EN: What would you consider to be the biggest achievement in your career so far?
Justine: Jumping 5’11 bareback in the Puissance at Plantation Field! Also, going Advanced would be one. I had two two-star horses and until this year I had never even done a CCI before.
There are a lot of factors, like money or riding for someone else and the horse got sold, etc. that kept me from having horses like this before. Both of these horses had been Prelim horses and producing them to the two-star level and getting around two different two-stars with a great result on both is a pretty good achievement.
EN: What are your big career goals?
Justine: Honestly, I don’t like to plan too far in the future because you never know what’s going to happen. I feel like I’m better at planning with short term goals and seeing where it takes me.
My goal was never to take (Huck) Finn Advanced, but that goal became a possibility as I kept building. Same thing with Jollybo; I never thought I’d take her Intermediate.
I’d like to do Rolex one day, and maybe one of these horses will do it maybe not, it depends on timing. I guess I’d just like to see where it all goes. You kind of have to make goals as you go. I’ve had to become a really reality based person.
You sometimes have to sell those horses who may take you those places so you can pay the bills. Would I like to go Badminton on Finn? Sure, but I’m not going to say that’s my goal because I don’t want to forget the big picture.
EN: Where would you go for 6 months if you had no worries about keeping your business or career going?
Justine: I’d probably go somewhere hot and tropical like Jamaica. If I didn’t have to worry about my business and could do whatever I wanted for a few months I would want to travel and see some things I’ve never seen. Maybe Australia.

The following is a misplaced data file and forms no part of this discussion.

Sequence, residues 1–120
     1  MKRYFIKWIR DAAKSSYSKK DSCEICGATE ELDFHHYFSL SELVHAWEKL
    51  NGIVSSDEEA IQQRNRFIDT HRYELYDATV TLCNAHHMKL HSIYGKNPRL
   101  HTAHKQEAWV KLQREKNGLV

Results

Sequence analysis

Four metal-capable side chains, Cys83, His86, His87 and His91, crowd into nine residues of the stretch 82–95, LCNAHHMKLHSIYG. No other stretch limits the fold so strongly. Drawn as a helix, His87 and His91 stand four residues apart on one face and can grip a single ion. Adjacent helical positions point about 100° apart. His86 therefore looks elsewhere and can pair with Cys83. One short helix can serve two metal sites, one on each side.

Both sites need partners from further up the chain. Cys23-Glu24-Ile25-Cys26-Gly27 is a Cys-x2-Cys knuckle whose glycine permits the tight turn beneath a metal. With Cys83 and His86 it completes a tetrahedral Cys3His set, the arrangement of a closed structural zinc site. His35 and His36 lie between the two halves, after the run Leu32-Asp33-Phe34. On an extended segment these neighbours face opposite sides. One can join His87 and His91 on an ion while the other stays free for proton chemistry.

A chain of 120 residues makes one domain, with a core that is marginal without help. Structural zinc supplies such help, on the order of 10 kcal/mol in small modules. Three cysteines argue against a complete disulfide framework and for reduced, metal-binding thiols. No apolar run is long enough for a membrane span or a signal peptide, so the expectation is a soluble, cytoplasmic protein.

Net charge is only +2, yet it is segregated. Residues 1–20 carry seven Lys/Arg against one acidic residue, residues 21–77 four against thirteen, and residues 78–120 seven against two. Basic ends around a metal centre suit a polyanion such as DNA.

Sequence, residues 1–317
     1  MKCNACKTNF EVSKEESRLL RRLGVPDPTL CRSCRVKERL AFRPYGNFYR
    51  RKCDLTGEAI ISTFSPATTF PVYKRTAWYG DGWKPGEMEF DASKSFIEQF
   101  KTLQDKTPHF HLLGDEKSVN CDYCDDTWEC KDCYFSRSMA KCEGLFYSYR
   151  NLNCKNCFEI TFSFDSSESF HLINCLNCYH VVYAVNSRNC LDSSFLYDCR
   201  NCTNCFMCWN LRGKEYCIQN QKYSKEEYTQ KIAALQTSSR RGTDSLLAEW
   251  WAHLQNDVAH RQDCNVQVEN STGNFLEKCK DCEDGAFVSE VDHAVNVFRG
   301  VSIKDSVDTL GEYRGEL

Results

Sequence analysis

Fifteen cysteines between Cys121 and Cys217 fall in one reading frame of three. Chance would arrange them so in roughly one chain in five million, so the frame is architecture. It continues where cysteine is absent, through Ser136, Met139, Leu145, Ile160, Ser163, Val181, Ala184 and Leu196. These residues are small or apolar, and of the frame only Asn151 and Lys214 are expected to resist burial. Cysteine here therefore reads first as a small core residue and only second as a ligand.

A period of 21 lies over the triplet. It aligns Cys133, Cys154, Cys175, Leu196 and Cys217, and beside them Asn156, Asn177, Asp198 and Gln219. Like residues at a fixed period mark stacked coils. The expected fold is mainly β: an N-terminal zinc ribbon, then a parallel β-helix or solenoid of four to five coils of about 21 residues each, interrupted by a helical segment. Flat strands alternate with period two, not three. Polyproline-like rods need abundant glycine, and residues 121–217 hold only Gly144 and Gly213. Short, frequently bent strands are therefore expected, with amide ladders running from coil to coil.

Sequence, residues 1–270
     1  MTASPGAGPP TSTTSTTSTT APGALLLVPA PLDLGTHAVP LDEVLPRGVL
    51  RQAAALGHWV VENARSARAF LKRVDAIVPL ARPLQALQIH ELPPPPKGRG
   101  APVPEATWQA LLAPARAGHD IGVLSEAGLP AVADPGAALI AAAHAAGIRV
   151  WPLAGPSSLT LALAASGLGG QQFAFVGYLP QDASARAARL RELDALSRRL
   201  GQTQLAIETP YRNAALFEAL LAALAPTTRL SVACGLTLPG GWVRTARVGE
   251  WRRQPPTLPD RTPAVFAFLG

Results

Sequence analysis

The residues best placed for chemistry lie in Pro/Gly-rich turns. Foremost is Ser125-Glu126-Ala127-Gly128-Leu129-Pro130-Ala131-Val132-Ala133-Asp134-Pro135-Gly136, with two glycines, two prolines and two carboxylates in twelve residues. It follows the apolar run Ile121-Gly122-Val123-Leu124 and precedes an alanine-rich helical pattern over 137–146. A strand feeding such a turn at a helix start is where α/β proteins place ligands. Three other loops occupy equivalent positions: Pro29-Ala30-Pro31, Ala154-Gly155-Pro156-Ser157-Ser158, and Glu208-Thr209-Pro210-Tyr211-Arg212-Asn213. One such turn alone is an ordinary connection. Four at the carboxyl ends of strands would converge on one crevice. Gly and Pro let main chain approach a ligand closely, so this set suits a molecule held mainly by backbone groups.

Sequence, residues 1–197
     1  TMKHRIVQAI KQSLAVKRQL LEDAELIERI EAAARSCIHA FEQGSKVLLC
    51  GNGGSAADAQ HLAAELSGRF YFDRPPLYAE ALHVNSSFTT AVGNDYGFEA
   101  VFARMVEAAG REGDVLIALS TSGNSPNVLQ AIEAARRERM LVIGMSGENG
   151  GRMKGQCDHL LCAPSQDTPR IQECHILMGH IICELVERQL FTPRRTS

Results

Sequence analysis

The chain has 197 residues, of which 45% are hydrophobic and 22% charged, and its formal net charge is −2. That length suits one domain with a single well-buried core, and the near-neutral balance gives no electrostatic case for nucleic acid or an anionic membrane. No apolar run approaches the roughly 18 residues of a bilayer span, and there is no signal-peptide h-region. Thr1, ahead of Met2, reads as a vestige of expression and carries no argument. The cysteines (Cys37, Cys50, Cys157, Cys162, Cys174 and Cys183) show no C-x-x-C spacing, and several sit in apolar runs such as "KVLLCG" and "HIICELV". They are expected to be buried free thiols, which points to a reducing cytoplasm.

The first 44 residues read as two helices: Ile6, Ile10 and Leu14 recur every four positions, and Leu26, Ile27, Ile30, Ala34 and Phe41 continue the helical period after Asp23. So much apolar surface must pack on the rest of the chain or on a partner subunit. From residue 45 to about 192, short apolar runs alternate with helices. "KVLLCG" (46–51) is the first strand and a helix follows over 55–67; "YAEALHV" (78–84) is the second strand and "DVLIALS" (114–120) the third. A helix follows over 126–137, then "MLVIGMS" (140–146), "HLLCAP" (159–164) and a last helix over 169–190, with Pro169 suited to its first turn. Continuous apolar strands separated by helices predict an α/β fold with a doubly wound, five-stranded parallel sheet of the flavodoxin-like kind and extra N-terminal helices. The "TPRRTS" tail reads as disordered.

I like to keep a balance in my life and for me it’s really important to me to have another outlet. It’s just really important to me to have a balance, and I see a lot of people who are burned out. I definitely work hard, but there’s a certain way I want to live too.
EN: If you could give one piece of advice to an aspiring upper-level rider, what would it be?
Justine: Firstly, I’d say don’t give up. You’re going to want to give up many times, especially if you’re not from a lot of money and you have to figure out how to do it yourself.
It’s definitely possible. I’ve built all this myself and have had to figure it out myself. If you work hard and try hard and are honest and treat people well, those are the things that will get you where you want to go.
Someone once told me that there are three ingredients to success: talent, drive and money, and if you have at least two out of the three, you’ll succeed. You just have to not give in, even when the going gets really tough.
EN: What’s the best piece of advice that coach Buck Davidson has ever given you?
Justine: Believe in yourself. I have so much self-doubt, and that’s one thing he always tells me. Every time I achieve something he tells me I will, I start to believe a little bit more in myself.
EN: What’s your most embarrassing moment related to horses?’
I fell off at the last fence at Virginia Horse Trials a couple years ago when my horse decided to change her mind and not jump. That was pretty embarrassing.
EN: What prompted you to move to the U.S.?